McKee had been in the unit for about a year when he and 18 of his fellow firefighters were killed on June 30, 2013 trying to battle the Yarnell Hill Fire, northwest of Phoenix. Only one member, Brendan McDonough, survived.
“The film was very well made,” said Grant McKee, who this year found his own way to memorialize his son and the other Hotshots, including his 23-year-old nephew Robert Caldwell.
“It’s about a group of people that are working for one thing and that one thing is to help other people.”Opening nationwide on Friday, Oct. 20, the film tells the story of the Hotshots, from their training and friendships to their struggles and personal lives.
The movie boasts an all-star cast, with Josh Brolin starring as Eric Marsh, leader of the Hotshots, alongside Jeff Bridges, Miles Teller and Jennifer Connelly. Actor Sam Quinn portrays Grant Quinn McKee.
Kevin Woyjeck, 21, a Seal Beach native, also died fighting the fire. His parents, Joe and Anna Woyjeck, said they had felt anxious about the film for years, worrying the events of the fire would be sensationalized.
“Typically, firefighting movies are not close to reality,” said Joe Woyjeck, who recently retired as a captain with the Los Angeles County Fire Department.
Woyjeck said he and his wife attended the screening and thought the movie captured what firefighters do.
“I tried to watch as a dad who lost his son, as a fire captain, and as a member of the general public,” he said. ”The movie doesn’t dwell on how the men died but how they lived. It’s a story about camaraderie and brotherhood.”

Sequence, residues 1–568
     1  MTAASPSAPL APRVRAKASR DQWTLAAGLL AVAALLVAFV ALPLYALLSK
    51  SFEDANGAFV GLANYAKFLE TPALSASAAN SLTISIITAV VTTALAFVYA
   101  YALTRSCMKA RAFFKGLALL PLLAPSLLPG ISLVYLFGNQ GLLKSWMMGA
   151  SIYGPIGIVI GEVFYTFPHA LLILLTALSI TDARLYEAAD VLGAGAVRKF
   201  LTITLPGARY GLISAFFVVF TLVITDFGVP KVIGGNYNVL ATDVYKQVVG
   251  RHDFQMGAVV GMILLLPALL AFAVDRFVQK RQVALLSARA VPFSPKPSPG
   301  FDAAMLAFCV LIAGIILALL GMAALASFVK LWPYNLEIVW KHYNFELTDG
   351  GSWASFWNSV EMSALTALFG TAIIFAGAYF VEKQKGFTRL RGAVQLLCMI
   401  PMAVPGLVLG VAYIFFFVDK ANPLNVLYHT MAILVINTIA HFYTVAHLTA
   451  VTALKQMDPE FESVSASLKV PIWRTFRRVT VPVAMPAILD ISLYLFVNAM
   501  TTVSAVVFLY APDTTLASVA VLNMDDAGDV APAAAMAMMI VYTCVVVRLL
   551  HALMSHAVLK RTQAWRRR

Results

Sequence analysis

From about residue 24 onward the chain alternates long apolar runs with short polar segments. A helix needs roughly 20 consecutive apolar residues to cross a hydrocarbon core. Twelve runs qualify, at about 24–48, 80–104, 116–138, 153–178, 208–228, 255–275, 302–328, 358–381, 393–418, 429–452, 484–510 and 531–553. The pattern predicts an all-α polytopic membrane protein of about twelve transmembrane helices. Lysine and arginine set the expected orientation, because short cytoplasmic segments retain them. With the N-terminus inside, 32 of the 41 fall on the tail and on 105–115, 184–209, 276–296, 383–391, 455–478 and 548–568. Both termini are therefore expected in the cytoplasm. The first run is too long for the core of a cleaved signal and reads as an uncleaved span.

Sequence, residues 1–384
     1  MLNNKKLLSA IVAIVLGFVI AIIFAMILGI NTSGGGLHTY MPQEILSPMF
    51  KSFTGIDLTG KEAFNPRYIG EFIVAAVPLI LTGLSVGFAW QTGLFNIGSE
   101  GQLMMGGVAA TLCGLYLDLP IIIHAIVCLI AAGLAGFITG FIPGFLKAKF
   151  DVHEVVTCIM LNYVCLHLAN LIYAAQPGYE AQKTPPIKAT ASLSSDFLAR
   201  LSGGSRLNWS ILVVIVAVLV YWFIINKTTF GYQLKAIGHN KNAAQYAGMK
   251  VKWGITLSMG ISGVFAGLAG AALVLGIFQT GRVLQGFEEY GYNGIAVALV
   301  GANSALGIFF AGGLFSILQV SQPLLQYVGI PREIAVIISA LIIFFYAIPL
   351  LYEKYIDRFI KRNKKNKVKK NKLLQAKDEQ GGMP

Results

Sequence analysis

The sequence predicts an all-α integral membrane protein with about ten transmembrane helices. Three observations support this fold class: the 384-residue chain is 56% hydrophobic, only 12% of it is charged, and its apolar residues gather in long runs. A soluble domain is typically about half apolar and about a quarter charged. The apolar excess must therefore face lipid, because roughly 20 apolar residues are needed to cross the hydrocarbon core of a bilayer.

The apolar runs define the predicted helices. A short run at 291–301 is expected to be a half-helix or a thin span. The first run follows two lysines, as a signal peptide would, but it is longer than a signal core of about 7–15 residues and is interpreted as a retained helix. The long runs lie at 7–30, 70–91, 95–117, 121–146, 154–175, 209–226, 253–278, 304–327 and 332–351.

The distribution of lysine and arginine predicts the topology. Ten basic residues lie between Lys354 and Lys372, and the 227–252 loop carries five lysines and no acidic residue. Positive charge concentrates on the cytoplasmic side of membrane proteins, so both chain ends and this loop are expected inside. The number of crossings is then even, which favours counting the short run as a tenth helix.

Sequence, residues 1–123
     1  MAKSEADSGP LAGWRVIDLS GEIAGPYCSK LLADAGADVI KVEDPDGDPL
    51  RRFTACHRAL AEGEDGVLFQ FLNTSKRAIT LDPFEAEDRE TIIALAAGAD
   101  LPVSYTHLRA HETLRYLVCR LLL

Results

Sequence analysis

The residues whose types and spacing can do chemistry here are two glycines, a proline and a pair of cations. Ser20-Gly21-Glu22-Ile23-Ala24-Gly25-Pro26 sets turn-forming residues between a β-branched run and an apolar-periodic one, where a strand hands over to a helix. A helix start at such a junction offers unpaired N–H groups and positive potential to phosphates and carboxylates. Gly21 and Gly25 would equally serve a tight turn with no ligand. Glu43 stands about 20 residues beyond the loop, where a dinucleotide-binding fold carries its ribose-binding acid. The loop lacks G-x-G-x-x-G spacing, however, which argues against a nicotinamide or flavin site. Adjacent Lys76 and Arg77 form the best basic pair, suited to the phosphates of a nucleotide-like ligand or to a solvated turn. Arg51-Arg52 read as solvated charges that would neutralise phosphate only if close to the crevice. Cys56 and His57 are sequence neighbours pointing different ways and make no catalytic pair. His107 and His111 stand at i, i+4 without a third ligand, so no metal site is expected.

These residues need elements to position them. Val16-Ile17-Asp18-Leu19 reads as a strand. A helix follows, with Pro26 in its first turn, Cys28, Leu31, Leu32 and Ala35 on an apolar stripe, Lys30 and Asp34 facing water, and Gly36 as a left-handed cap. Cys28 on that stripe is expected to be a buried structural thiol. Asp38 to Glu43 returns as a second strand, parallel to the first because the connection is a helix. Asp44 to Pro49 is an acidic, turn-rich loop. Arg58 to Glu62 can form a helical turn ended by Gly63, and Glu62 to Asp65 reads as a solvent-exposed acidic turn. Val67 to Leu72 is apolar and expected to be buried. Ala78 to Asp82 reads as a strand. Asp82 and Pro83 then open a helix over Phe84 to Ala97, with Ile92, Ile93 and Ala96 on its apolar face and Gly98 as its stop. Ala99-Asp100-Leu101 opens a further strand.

Michael McNulty, who portrays Kevin Woyjeck in the movie, consulted with the family about his personality and how he carried himself. Based on that, McNulty wore Kaenon sunglasses, a Los Angeles Angels baseball cap and a G-shock watch in the film, Joe Woyjeck said.
Last year, Woyjeck was honored when a stretch of one of America’s busiest interchanges, where the I-405 meets the 22 and I-605, was named Kevin Woyjeck Memorial Highway.
For McKee, the most heartbreaking scene is when Brolin’s character is yelling at a plane overhead while the Hotshots crew is surrounded by flames on three sides and are breaking out their fire shelters, devices that look like foil tents, used by wildland firefighters as a last resort when escape isn’t possible.
“He yells out ‘Drop!’ and they don’t drop anything and they just keep flying over the top of them,” he said. “The ending is really harsh.”
The fast-moving fire overran the crew and cut off their evacuation route, eliminating any chance of them reaching a safety zone, a state forestry division report said.
“The crew was deploying their fire shelters close together in a small area when the fire overtook them,” the report said. “Temperatures exceeded 2,000 degrees Fahrenheit as the fire swept through the site.”
Anna Woyjeck said she was “on the fence” about seeing the movie.
“I knew I would sit there sobbing, and I did,” she said. “I already knew how it would end. That’s not going to change. It’s a fact of life.”
McKee decided over the summer that he wanted to honor the Hotshots. So he started to carve a 50-year-old tree in the backyard of his mother’s Costa Mesa home that he and his son used to climb.
“This whole art thing just came about when my son passed,” said McKee, who had never done a wood carving before. “I just started painting and carving (to cope).”
He finished the 9-foot-tall, 1,000-pound wooden memorial engraved with several faces signifying the fallen firefighters.
The other parents of the fallen Hotshots have not seen the tribute, McKee said. But others who have seen it have given him positive feedback, he said.
McKee has contemplated donating the artwork to the Newport Beach Fire Department or a mall in Prescott.
“This whole art thing is new for me,” he said. “I’m thinking of calling it ’19 Reasons.'”